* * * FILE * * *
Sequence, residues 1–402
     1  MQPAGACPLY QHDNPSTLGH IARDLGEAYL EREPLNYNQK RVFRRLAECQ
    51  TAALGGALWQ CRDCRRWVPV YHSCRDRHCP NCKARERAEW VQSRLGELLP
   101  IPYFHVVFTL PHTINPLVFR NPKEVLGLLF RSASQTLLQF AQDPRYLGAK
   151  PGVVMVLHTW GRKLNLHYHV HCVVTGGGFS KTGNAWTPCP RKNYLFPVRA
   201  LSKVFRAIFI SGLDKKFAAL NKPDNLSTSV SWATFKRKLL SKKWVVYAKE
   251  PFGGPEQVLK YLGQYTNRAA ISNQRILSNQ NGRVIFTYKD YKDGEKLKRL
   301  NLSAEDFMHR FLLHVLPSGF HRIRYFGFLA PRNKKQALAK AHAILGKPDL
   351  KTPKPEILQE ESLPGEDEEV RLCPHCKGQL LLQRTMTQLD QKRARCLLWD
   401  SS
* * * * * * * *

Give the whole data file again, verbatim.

Sequence, residues 1–402
     1  MQPAGACPLY QHDNPSTLGH IARDLGEAYL EREPLNYNQK RVFRRLAECQ
    51  TAALGGALWQ CRDCRRWVPV YHSCRDRHCP NCKARERAEW VQSRLGELLP
   101  IPYFHVVFTL PHTINPLVFR NPKEVLGLLF RSASQTLLQF AQDPRYLGAK
   151  PGVVMVLHTW GRKLNLHYHV HCVVTGGGFS KTGNAWTPCP RKNYLFPVRA
   201  LSKVFRAIFI SGLDKKFAAL NKPDNLSTSV SWATFKRKLL SKKWVVYAKE
   251  PFGGPEQVLK YLGQYTNRAA ISNQRILSNQ NGRVIFTYKD YKDGEKLKRL
   301  NLSAEDFMHR FLLHVLPSGF HRIRYFGFLA PRNKKQALAK AHAILGKPDL
   351  KTPKPEILQE ESLPGEDEEV RLCPHCKGQL LLQRTMTQLD QKRARCLLWD
   401  SS